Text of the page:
Public sector organisations deploying artificial intelligence (AI) must ensure they identify solid use cases for the technology to get buy-in from their teams, delegates at a recent Tech Monitor event heard.
The Tech Monitor Public Sector Technology Symposium 2021 brought together leaders from a wide range of public sector bodies to discuss the ways technology is impacting their work and enabling them to deliver better services.
AI was put in the spotlight in a panel discussion entitled Putting AI and automation at the heart of public sector digital transformation. The discussion, and all the other sessions from the event, are now available to watch. Register here to watch the full panel on demand.
AI cannot be the end game
Delegates heard from Charlie Boundy, head of data science at the Department for Work and Pensions (DWP). The department has used AI to help improve the quality of service it offers, Boundy explains, with automated systems being used to flag up potential issues and support human staff in their decisions.
“The way we’ve done this over the last few years is that it’s not AI that is the end game,” Boundy said. “It’s very much we’ve been using data in certain specific problem areas or challenging areas that have been there for a while. So it might be how we’re developing major change programs, and making sure that we’ve got the telemetry and information on how our services are being used.”
Julie Pierce, director of openness, digital and data at the Food Standards Agency (FSA), said the agency has been using AI, among other things, to help assess food businesses and predict what their hygiene score might be based on available data. This can then help inform priorities for inspectors.
While these use cases are now well-established, Pierce said this hasn’t always been the case, but being able to see AI in action has helped staff engage with the technology’s potential. “When we started [using AI] a few years ago it was hard to see what the candidate use cases were and there wasn’t a lot that was being volunteered,” she said. “But once we started to deliver and people engaged with it, that’s created a demand that is greater than our capacity, which is which is a good place to be.”
The benefits of embedding data scientists
AI systems typically rely on a high volume of good quality data. Boundy says gathering this data has been a big challenge for DWP. “A lot of the information that government departments tend to collect is quite two-dimensional data,” he says. “It’s at a certain point in time and is a description of a claim or a tax return or an application or something like that.”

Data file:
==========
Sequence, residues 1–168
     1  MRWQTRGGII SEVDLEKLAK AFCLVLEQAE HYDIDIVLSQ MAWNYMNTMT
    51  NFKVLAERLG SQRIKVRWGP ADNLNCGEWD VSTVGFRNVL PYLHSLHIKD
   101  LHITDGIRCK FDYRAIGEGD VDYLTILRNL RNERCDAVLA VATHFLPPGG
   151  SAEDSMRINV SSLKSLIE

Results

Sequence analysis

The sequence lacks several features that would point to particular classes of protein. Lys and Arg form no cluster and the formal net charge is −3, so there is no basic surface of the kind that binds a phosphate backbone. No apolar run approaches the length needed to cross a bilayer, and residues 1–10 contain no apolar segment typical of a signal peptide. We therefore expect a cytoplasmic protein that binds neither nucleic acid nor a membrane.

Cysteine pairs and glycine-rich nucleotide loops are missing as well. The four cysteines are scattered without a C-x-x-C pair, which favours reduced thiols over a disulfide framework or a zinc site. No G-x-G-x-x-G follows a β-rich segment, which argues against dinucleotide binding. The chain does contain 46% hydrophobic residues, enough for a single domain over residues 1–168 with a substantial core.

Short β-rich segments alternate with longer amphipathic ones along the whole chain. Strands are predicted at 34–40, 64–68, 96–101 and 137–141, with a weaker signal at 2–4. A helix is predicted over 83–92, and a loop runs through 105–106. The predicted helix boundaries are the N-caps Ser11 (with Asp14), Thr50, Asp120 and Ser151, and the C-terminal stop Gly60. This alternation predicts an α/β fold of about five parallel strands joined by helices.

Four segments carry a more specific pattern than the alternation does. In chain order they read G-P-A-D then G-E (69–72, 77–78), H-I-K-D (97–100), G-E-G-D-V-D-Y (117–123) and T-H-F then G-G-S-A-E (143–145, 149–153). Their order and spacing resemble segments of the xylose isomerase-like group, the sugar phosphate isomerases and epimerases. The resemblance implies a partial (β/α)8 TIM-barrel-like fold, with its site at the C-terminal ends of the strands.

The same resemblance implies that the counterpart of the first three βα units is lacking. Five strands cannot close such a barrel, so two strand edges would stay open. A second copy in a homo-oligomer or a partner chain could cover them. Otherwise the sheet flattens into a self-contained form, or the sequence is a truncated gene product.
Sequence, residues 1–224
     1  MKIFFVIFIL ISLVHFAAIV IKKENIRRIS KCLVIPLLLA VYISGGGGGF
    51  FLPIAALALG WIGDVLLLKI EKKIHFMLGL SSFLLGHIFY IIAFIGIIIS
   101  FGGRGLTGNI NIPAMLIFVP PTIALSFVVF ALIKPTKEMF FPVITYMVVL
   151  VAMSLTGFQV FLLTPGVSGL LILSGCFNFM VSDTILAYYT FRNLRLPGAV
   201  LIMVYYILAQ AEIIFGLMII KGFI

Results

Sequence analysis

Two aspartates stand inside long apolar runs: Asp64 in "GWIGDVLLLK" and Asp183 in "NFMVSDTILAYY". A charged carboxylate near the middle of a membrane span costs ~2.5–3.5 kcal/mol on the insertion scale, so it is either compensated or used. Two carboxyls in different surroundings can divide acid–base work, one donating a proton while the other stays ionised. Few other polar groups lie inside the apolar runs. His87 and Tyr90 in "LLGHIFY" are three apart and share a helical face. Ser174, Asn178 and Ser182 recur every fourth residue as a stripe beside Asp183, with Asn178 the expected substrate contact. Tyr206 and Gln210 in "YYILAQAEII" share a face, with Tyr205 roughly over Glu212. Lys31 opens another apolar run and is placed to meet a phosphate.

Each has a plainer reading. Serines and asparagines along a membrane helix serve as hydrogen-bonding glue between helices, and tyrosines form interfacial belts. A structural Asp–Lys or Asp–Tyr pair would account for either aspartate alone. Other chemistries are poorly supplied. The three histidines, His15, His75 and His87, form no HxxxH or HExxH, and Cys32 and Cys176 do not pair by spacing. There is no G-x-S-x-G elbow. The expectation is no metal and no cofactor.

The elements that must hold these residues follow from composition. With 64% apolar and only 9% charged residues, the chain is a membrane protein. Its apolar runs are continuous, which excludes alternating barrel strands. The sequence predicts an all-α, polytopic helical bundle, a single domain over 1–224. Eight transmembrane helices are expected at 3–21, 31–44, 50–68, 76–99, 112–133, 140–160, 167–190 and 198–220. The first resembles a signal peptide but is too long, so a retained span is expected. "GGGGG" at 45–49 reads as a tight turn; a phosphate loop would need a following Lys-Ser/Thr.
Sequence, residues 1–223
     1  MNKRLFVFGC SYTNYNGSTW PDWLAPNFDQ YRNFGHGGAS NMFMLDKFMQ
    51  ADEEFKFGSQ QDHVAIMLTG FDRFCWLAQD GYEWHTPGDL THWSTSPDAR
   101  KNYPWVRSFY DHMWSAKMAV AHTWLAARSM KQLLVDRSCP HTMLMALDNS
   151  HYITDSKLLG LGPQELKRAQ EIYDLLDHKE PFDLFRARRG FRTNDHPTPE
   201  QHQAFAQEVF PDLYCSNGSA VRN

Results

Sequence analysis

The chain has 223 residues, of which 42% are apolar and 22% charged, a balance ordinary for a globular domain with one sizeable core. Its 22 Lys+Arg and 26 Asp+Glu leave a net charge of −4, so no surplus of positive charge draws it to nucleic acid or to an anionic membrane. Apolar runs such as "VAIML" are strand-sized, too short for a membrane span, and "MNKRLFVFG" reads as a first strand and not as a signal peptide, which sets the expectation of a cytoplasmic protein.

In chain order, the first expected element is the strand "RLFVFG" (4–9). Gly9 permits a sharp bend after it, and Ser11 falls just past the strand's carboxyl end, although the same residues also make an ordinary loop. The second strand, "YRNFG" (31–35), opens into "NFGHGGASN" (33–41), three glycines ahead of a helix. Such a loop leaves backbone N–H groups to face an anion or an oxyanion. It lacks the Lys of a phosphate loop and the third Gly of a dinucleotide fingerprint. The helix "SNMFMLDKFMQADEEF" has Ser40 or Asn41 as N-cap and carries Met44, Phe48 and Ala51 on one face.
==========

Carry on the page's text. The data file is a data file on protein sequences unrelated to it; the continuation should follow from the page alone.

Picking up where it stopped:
Boundy said his team needed more information about outcomes to help them develop useful AI systems, so they undertook a factfinding task to identify areas where governmental data was lacking. For this, he says it was vital to ensure data scientists were involved at every step to make sure the right type of information was logged that could be used to build and train the department’s AI.
“We’ve had data scientists embedded in delivery teams and feature teams,” he says. “They can, as they go along, say, well, can you create an event there? Can you create a point of information there so we can see what happens? And that means we can do things like A/B testing much more and understand what is the better way, or get some feedback if something is or isn’t working.”
Is net zero the next frontier for public sector AI?
The FSA’s Pierce told delegates AI can be used to fill gaps not currently met by existing technologies. She said her advice to public sector organisations embarking on AI projects was to “start small, with something that’s a pain point in the existing core business or start with something that nobody’s looked at before.”
She used the example of climate change. “Suddenly there’s this big thing on the horizon and there are not a lot of established systems and technology to deal with it,” she said. “You have to go and find those kind of use cases, engage with people and just get started.”
Boundy added that, regardless of size, it is important for departments to ensure AI deployments are “strategic”. “If you come up with something which is just on the borders of the business, that nobody’s that particularly interested in, it won’t be any great shakes,” he said. “If you’ve got something which is genuinely improving the outcome that your organisation delivers, and part of something strategic, then there’s a much greater chance of success.”
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